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The Algorithmic Beauty of Plants (1990) [pdf] (algorithmicbotany.org)
131 points by mpiedrav 12 days ago | hide | past | web | favorite | 12 comments





As someone who has invested a career into 3D modeling of plants, particularly of real plants from 3D scanner data, I really don't find value in this work, scientifically. It surely is fun and useful for artistic purposes, where the only evaluation is from a human eye. But when you actually compare the structures of the algorithms presented here to the real curves and topologies of any living plant, you find that they are missing a tremendous amount of detail. From a machine learning perspective, e.g., it would be very hard to "fit" these models to actual data. This is because these algorithms and data structures assume far too much homogeneity in the basic structures of a given species, particularly that these structures be repeated with only simple rotations and permutations. In fact, when you look closely at leaves and flowers and roots and stems of a plant, there is more and more detail; just like any living system, this is because plants are very active on a microbiological level that causes a level of microscopic entropy well beyond that of any single Bezier curve (or whatever). So for those who really do love the beauty of plants, and who really do want to model them and therefore be able to propagate their forms in the digital space, I would suggest looking elsewhere, and in particular seeking ways that are more data-driven to model plants. As it stands in this work, there are no objective functions or optimizations, this is just purely art that is disconnected from the reality in myriad immeasurable dimensions.

Well, all models are wrong, but some are useful. I think L-systems and similar are useful for giving a basic conceptual understanding of branching and recursive processes which organisms do use, even if reality is more complex.

Can you suggest some other books / papers / articles?

I love L-Systems. I somehow obtained a couple of VHS tapes in the 90s when I was a kid of early computer graphics, and was really taken by the generative artists — like Karl Sims. This was also the heyday of big bookstores like Borders, and I’d spend hours in the “Computers” aisle, where I found “Advanced Animation and Rendering”, which covered L-Systems.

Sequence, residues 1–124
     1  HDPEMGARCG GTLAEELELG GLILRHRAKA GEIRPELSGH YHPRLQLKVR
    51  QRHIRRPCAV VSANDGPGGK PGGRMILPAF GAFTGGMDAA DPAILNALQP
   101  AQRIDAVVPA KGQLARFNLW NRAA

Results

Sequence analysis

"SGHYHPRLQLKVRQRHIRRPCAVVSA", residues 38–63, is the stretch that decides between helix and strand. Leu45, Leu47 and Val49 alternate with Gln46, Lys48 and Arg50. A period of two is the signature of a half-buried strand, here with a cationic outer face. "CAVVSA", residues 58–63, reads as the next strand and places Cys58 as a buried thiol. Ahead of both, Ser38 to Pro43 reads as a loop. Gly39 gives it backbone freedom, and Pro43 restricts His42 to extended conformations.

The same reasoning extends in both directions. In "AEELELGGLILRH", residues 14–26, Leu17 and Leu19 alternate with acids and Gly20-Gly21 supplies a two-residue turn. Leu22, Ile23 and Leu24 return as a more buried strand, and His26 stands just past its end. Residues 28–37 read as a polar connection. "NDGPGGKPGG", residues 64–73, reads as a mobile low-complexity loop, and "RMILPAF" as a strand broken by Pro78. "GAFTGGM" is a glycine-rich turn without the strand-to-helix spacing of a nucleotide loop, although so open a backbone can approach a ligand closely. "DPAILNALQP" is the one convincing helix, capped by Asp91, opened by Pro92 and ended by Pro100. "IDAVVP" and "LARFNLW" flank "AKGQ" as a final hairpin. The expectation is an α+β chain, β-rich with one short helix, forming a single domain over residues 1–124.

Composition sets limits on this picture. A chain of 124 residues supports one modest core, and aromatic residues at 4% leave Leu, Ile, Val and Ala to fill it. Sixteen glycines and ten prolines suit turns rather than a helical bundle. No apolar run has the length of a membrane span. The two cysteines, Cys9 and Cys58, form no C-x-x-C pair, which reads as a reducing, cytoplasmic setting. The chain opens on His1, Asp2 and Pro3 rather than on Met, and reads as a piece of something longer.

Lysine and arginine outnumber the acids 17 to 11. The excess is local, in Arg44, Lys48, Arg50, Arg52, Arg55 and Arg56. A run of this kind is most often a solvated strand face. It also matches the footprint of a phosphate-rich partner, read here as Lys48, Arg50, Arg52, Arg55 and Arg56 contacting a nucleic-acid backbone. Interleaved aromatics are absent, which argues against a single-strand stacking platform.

These are fun things to code because they can surprise you. Even when you understand the rules, it can be delightful to see what grows.


Speaking of creative coding, check out this thing I came across on Reddit.

https://www.reddit.com/r/creativecoding/comments/ezcaie/proc...

Someone coded procedural swimming with simulated tentacles. The post itself is a video and then they tell a little bit about it in the comments section also.


I used to frequent a website with nearly a hundred experiments like this, almost all interactive and very beautiful. They were all created with Flash/ActionScript. There were lots of tree visualizations, fluid simulations, and one specific demo with randomized bugs that walked around using inverse kinematics. I've since lost the link, does anyone remember what I'm talking about, maybe could provide a link?

[Edit] found it http://levitated.net/daily/index.html http://levitated.net/daily/levWalkingThings.html


Anyone interested in fooling around with algorithmic art should check out the Context Free Art software/language: https://www.contextfreeart.org/ ref: https://github.com/MtnViewJohn/context-free/wiki/About

The primary source for anyone interested in L-Systems. I can also recommend looking into Gielis superformula [1] for e.g. generating realistic petals and leaves on the trees.

[1] https://www.researchgate.net/publication/258238188_Inventing...


I first read this book back when I was just starting programming, learning about fractals and chaos and graphics and recursion and all those good things. I got the hard cover version out of the library several times (just to show how long ago that was!) and implemented a few of the things in it. Very happy to see it available online!

I came across this book when exploring L-Systems based on this earlier HN post - https://news.ycombinator.com/item?id=21749806

If the book is inspiring it might be worth going through some of the insightful comments in that post.


I recall a SIGGRAPH around that time on synthetic life covering that material.




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